judith holofernes ringling
Judith with the Head of Holofernes 1596 Oil on canvas, 120 x 94 cm Ringling Museum of Art, Sarasota
This work is in the public domain in its country of origin and other countries and areas where the copyright term is the author’s life plus 100 years or fewer.
Her servant urges her in the background to hurry. Protecting her in the moment of shock and astonishment. Life so quick and unintentional. The dragon has been slain, and the victor relinquished from its wrath. What will now come of the murder? Will her conscious, as well as that of her helper, be able to keep such a secret?
An enthralling and captivating painting at the John and Mable Ringling Museum of Art concerns itself with one of art’s famous subjects in the most striking of ways.
PAINTER AND HISTORICAL CONTEXT:
- Francesco del Cairo was born in 1607 in Milan where he painted his earliest works. Many of the artists active in Milan at that time created eerie, macabre works with subjects involving sex and violence.
- In 1633 he was called to Turin to become court painter to the powerful Duke of Savoy. This is the beginning of a life long association with the House of Savoy, which brought del Cairo an extensive reputation as well as great social and financial rewards. Some authorities believe del Cairo may have left Milan for Turin to escape a charge of murder, although this is not a universally accepted opinion.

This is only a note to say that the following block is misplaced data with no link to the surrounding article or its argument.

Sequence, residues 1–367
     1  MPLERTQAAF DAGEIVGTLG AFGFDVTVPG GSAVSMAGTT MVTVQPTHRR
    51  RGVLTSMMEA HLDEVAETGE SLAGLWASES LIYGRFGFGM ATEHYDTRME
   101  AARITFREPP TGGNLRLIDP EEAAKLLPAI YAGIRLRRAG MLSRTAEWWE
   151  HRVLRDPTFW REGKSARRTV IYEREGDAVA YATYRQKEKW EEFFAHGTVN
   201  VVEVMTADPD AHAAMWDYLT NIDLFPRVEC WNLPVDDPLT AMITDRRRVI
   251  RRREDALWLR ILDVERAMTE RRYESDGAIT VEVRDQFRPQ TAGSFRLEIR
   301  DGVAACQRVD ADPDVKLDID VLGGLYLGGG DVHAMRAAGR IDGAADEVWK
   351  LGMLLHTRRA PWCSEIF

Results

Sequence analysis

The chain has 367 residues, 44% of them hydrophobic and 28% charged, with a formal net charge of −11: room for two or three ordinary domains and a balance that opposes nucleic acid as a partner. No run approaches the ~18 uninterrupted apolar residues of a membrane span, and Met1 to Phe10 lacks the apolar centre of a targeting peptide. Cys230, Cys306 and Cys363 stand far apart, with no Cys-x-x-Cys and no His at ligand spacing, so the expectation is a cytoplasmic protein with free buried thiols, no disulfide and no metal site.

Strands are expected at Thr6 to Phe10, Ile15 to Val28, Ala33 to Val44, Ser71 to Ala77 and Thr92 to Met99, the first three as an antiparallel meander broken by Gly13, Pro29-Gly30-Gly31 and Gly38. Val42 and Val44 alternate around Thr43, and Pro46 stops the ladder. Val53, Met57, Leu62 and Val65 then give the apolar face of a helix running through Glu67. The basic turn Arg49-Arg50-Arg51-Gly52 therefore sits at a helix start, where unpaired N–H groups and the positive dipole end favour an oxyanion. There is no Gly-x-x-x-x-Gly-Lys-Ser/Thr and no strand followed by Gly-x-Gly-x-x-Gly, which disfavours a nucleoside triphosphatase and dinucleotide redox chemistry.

- Title: Judith with the Head of Holofernes.
- Judith was a young Jewish widow who saved her village from the Assyrians. She dressed in her finest robes and approached the enemy camp as a defector. Having retired to the tent of the Assyrian general, she proceeded to get him drunk and to cut off his head with his own sword.
- The moment captured by the artist shows Judith confronting the viewer with the proof of her extraordinary act, as her maid is about to place the head in a sack so she and Judith can slip back to their village with their tale of conquest.
Narrowing the exhibition’s focus to the two women allowed Libby to compare and contrast.
Two women of the Bible — Judith and Salome — were popular subjects for 16th- and 17th-century artists. Their gruesome stories of beheading powerful men made for lurid reading in the Bible and lurid viewing on the canvas.
The exhibition includes works from the 15th through 18th centuries, chronicling 400 years of artistic development.
The painting illustrates the moment St. Francis (1181-1226), founder of the Franciscan order of monks, saw a vision of a crucified seraph, who has imprinted on his body the stigmata — the wounds of Christ at his crucifixion.